In short, Biden is gliding to a campaign ending landing, while Sanders is flat-lining. The latter observation is, I think, the most significant. It tells us something, maybe, about Sanders campaign. His base is unmoving. This is expected, I think. I just hope that should Sanders not get the nomination nod, that base sees fit to support the nominee in 2020, all of them, different than what happened in 2016.
More time needs to pass to be more certain, but I’ll venture the following estimates based on my own impression, social media fervor, and limited polling. Continue reading Democratic Nominees After The First Debate
Right now there are only three candidates in the race. Biden is in first place, and Warren and Sanders share second place. Biden’s numbers have been steadily dropping, but I suspect he will experience a more dramatic drop over the next polling cycle or two. Sanders’ have been slowly dropping, and Warren’s numbers are going up at a somewhat faster rate than Sanders have been going down. In the chart below you can see them close to convergence in about 20 days now, given current trends.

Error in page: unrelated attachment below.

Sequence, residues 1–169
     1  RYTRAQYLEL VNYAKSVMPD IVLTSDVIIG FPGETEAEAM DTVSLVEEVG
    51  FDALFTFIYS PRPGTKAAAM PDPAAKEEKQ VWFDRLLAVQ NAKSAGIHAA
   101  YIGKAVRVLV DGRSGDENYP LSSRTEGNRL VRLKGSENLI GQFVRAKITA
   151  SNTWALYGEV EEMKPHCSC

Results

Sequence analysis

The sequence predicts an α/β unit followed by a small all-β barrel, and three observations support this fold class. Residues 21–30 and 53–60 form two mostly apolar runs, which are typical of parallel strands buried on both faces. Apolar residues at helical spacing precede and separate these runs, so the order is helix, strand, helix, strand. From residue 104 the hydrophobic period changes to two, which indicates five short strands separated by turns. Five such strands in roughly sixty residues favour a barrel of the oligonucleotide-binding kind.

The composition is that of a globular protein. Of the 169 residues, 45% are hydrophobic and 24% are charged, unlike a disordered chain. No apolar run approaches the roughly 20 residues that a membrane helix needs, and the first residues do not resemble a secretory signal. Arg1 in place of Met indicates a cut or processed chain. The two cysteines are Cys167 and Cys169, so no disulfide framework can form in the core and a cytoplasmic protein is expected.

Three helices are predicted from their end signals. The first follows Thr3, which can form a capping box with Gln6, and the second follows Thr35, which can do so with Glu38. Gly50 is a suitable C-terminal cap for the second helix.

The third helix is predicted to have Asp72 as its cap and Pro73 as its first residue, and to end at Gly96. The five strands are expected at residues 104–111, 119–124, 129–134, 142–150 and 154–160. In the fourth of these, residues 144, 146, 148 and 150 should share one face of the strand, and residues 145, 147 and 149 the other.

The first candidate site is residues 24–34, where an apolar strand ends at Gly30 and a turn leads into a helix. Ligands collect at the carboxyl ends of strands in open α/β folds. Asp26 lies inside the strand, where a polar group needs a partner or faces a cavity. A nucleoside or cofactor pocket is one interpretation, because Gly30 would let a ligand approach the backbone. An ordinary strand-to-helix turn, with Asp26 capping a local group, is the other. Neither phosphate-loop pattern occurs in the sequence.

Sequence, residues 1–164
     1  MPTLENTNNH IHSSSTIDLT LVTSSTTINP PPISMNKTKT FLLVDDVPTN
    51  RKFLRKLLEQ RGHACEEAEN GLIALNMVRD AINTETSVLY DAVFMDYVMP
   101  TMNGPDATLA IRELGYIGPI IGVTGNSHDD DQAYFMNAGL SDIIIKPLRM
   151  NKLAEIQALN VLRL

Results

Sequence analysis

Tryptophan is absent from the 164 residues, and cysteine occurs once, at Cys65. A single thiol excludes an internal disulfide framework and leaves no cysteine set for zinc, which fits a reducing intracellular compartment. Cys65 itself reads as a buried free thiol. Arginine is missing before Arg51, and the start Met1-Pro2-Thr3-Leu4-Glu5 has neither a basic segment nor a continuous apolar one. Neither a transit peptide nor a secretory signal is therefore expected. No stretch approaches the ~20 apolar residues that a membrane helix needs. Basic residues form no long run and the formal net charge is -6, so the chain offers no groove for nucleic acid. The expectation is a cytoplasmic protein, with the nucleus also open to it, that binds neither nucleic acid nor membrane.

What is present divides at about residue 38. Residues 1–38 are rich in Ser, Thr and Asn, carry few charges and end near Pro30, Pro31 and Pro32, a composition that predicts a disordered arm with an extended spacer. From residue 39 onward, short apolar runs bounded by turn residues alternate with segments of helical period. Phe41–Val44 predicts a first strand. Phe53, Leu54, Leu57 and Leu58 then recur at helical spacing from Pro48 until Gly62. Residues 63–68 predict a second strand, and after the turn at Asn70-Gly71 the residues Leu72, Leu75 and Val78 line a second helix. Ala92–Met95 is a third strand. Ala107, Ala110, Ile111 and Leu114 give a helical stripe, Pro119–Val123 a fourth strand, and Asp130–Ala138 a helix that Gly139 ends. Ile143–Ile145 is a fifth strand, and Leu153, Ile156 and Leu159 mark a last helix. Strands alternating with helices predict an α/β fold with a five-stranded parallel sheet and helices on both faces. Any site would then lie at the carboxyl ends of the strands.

Of course, the debate will shake all this up and possibly add or remove individuals from this top three spot.
The kindest interpretation, and I think rather accurate, of what was going on in the back of Vice President Biden’s head when he made his recent controversial comments, is this, IMHO:
Continue reading What Joe Biden should have said…
In THIS poll, Warren, passes Sanders in new poll. In the all that apply question: Which candidate or candidates are you considering voting for in the Democratic Presidential primary or caucus in your state in 2020? (Select all that apply) Continue reading It’s Biden, Sanders, Warren, no wait, Warren pulls ahead by a nose…
More evidence that this is a race between Warren, Biden, Sanders, Harris, Buttigieg, with everybody else (including O’Rourke) not so much.
A straw poll in North Carolina yesterday produced this result:
Warren – 55
Biden – 44
Sanders – 40
Harris – 26
Buttigieg – 22
Booker – 7
Castro, abbard, Gillibrand, Other 2 or 3